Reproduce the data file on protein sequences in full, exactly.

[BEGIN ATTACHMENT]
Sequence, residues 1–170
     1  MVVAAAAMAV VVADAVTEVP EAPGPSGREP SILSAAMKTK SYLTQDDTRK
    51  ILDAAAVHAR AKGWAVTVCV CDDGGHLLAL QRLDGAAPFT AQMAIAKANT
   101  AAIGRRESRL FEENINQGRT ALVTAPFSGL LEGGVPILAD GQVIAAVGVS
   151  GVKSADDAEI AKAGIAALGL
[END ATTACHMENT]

Sequence, residues 1–170
     1  MVVAAAAMAV VVADAVTEVP EAPGPSGREP SILSAAMKTK SYLTQDDTRK
    51  ILDAAAVHAR AKGWAVTVCV CDDGGHLLAL QRLDGAAPFT AQMAIAKANT
   101  AAIGRRESRL FEENINQGRT ALVTAPFSGL LEGGVPILAD GQVIAAVGVS
   151  GVKSADDAEI AKAGIAALGL